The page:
The mean change of the EQ-5D score from baseline to 24 months among intervention participants was not statistically different from usual care participants (60.5 [95% CI, 58.6 to 62.5] at baseline and 67.2 [95% CI, 65.2 to 69.1] at 24 months for the intervention group vs 62.1 [95% CI, 59.9 to 64.4] at baseline and 68.6 [95% CI, 66.3 to 71.0] at 24 months for the usual care group, difference in mean changes, 0.10 [95% CI, −2.92 to 3.13], P=.95) (Table 3).
Table 3 shows the treatment effects for exploratory outcomes at each study visit, eTable 5 in Supplement 2 shows the adjusted absolute values, and eTable 6 in Supplement 2 shows the changes from baseline to subsequent visits. Mean change from baseline did not differ significantly between the intervention and usual care groups at 24 months for severity of mental health symptoms (0.57 [95% CI, −0.88 to 2.01]), PCS scores (0.50 [95% CI, −1.01 to 2.00]) and MCS scores (−0.74 [95% CI,−2.57 to 1.10]) of the SF-12 survey, psychological community integration (0.31 [95% CI, −0.25 to 0.86]), or recovery (0.09 [95% CI, −1.53 to 1.71]). Similarly, change in rates from baseline to 24 months for the intervention group compared with usual care groups (ratio of rate ratios), did not show statistically significant results for physical community integration (1.02 [95% CI, 0.92 to 1.14]), substance use problems (0.94 [95% CI, 0.79 to 1.12]), and number of arrests (1.05 [95% CI, 0.62 to 1.80]).
Based on an examination of the treatment group × time interaction, the total score of the condition-specific quality of life showed a statistically significant difference in mean change from baseline to 6 months (5.91 [95% CI, 3.41 to 8.41]) and remained significant through to 24 months (4.37 [95% CI, 1.60 to 7.14]) (Table 3). When examining the subscales of the condition-specific quality-of-life instrument, we observed significant improvement in the mean change from baseline to 24 months in the domains of leisure (1.09 [95% CI,16 to 2.01]), living situation (0.68 [95% CI, 0.38 to 0.97]), and safety (1.11 [95% CI, 0.27 to 1.96]). Interestingly, the family domain of the condition-specific, quality-of-life instrument showed a significant 3-way treatment × time × site interaction, illustrated by very different treatment effects by site at 24 months (Site A, 0.72 [95% CI, −0.91 to 2.36]; Site B, −0.56 [95% CI, −2.67 to 1.54]; Site C, −0.29 [95% CI, −1.80 to 1.22]; Site D, 2.64 [95% CI, 0.93 to 4.34]).
A statistically significant treatment × time interaction was also observed in community functioning at 18 months: compared with the usual care group, the intervention group showed a statistically significant improvement in the difference in mean change relative to baseline values (1.16 [95% CI, 0.08 to 2.24]), but the improvement was not sustained at 24 months (1.06 [95% CI, −0.004 to 2.13]).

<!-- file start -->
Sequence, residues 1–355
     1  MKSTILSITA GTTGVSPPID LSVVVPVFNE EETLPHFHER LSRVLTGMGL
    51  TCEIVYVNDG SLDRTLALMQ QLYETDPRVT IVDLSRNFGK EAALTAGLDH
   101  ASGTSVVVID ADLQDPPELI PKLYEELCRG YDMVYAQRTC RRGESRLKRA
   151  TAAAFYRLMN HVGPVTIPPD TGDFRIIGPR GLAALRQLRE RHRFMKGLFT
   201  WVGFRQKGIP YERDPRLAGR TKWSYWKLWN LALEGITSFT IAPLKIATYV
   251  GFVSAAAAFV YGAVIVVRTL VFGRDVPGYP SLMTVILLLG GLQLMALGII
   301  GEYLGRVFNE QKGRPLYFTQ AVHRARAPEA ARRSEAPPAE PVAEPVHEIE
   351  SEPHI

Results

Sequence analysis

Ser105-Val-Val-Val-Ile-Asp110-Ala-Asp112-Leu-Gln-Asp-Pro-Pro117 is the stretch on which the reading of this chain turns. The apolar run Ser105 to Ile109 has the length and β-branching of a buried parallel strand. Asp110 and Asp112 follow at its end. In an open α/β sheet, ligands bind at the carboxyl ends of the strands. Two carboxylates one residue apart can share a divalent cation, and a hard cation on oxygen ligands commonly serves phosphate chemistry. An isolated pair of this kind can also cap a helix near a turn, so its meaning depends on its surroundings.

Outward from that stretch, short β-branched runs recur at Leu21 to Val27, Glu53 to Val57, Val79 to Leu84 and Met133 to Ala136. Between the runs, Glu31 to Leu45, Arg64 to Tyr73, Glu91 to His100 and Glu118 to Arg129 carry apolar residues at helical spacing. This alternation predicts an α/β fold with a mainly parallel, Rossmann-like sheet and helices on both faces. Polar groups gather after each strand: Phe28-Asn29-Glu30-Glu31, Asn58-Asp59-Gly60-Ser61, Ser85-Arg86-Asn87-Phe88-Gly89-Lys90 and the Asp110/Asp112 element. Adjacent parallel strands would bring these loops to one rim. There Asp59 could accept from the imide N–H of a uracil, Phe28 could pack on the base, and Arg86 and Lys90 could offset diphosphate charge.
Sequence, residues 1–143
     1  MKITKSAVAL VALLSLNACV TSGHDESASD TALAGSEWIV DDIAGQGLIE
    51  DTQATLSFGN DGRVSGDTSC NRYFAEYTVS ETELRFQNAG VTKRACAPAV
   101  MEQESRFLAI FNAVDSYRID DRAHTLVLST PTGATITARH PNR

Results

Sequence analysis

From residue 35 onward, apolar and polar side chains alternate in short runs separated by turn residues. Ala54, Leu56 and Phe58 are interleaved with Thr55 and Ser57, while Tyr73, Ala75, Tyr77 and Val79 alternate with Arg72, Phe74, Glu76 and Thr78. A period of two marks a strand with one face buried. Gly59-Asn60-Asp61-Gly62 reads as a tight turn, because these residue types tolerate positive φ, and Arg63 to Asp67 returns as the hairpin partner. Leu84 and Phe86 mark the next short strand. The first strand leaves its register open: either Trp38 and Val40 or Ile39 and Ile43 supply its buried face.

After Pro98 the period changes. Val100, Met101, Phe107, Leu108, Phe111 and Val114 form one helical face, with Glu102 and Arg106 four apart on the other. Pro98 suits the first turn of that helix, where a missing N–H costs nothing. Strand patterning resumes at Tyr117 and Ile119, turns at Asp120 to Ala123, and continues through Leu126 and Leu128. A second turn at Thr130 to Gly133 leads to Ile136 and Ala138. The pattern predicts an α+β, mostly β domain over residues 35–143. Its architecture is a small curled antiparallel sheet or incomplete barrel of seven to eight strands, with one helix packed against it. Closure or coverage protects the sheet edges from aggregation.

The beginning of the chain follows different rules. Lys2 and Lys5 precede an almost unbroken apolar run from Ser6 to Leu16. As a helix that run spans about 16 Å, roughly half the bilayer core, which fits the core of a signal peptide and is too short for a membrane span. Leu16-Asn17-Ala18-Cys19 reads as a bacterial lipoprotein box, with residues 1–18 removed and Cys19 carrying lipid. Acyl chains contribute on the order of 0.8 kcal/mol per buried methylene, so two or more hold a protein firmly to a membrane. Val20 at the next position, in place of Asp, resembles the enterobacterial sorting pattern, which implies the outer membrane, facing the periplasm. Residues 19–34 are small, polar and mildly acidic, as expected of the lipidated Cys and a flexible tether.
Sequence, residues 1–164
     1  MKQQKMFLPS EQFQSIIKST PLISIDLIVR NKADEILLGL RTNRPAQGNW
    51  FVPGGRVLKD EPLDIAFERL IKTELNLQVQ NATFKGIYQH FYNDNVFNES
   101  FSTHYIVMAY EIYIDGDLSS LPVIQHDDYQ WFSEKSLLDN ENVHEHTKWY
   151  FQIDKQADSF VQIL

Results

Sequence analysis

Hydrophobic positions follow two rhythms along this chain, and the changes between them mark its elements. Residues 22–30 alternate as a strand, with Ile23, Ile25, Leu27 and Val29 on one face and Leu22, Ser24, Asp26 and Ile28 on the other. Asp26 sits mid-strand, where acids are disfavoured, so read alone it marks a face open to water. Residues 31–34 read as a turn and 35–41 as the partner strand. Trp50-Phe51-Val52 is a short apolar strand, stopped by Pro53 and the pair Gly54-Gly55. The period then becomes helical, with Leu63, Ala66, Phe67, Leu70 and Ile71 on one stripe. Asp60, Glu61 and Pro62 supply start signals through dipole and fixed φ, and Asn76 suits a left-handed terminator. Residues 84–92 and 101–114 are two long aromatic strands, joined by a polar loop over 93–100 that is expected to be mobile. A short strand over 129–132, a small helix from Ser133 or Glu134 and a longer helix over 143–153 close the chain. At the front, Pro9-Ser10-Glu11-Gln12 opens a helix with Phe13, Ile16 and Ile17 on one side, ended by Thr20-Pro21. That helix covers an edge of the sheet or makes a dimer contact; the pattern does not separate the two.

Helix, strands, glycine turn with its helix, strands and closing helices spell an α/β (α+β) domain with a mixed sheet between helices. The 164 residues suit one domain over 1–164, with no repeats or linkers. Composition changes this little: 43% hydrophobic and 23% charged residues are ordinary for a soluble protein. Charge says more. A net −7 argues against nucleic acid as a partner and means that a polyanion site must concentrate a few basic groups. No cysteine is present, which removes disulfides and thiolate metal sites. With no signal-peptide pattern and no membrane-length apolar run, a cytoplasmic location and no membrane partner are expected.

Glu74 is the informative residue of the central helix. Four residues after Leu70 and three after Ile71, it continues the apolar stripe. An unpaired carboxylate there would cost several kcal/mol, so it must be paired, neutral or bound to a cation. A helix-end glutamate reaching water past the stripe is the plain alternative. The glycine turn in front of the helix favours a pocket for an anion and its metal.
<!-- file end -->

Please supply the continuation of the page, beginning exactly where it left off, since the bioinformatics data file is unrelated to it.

eTable 4 in Supplement 2 shows the distribution of days spent in the hospital by treatment group and site during the study period. Nearly three-quarters of our sample (72.4%) were not hospitalized during the study period. The proportion of participants reporting at least 1 hospitalization during the 24-month follow-up was 28.9% for the intervention group and 25.6% for the usual care group, which corresponds to a difference of 3.30 (95% CI, −1.90% to 8.51%) (P = .22). During the 24-month study period, the risk of 1 or more hospitalization for the intervention group compared with the usual care group varied by site (risk ratio for Site A, 0.99 [95% CI, 0.67 to 1.45]; Site B, 0.57 [95% CI, 0.31 to 1.03]; Site C, 1.67 [95% CI, 1.08 to 2.59]; Site D, 1.02 [95% CI, 0.77 to 1.36]; P = .03 for interaction) (Table 4). At 24 months, the intervention did not lead to significant reductions in emergency department visits from baseline (ratio of rate ratios, 0.73 [95% CI, 0.49 to 1.07]; P = .11).
On average, the cost of supportive housing with ICM services was CaD $14 177 per participant annually, approximately 30% less than the cost of supportive housing with ACT (CaD $22 257), and resulted in an average net cost offset of CaD $4849 per participant per year, or 34% of the cost of the intervention. The most important cost offsets emerged from reduced use of emergency shelters and single-room occupancy with support, whereas the costs of office visits with other nonstudy medical (physicians) and clinical community (eg, social workers and nurses) providers rose. A representative list of site-specific unit costs is found in eTable 6 in Supplement 2.
Scattered-site supportive housing using rent supplements and ICM services led to significantly greater housing stability for homeless adults with mental illness and moderate support needs compared with usual care in 4 cities across Canada over the 24-month follow-up period. The intervention did not result in significant improvements in generic quality of life, however additional exploratory analyses suggest significant gains in condition-specific quality of life among the intervention group compared with the usual care group, from baseline to 24 months. Similar to this study, a previous single-site randomized trial by the US Departments of Housing and Urban Development and Veteran Affairs Supportive Housing (HUD-VASH) concluded that the combination of rent supplements and ICM services led to greater housing stability and increased social networks for homeless veterans with a psychiatric or substance use disorder when compared with standard care or ICM services alone, at modest cost.12 However, unlike this latter study, which focused exclusively on homeless veterans, only 4% of our participants were veterans, all met criteria for a diagnosis of severe mental illness (vs 45% in the previous study) and a third of the participants (33%) were women (vs 4% in former study).